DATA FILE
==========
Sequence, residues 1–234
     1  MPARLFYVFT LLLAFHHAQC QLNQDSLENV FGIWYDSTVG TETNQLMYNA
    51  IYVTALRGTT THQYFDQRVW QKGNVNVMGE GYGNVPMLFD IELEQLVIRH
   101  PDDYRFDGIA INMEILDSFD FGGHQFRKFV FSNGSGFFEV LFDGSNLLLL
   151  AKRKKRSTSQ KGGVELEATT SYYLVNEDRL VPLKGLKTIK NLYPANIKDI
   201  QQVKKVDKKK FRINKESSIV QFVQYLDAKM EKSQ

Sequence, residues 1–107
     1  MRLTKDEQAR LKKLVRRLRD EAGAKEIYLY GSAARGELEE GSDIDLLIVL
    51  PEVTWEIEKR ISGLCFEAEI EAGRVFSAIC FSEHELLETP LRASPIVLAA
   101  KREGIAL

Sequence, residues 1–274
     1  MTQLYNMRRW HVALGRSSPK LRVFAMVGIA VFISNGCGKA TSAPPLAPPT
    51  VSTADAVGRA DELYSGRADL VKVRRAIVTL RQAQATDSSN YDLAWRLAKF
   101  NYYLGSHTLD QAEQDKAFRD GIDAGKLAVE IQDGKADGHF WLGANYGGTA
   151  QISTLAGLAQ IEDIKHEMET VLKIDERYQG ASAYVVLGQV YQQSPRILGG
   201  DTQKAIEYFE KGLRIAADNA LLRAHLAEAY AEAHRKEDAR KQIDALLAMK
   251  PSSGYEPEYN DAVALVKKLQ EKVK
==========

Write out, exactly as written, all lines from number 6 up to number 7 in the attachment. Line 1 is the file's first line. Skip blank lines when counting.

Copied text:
   201  QQVKKVDKKK FRINKESSIV QFVQYLDAKM EKSQ

Sequence, residues 1–107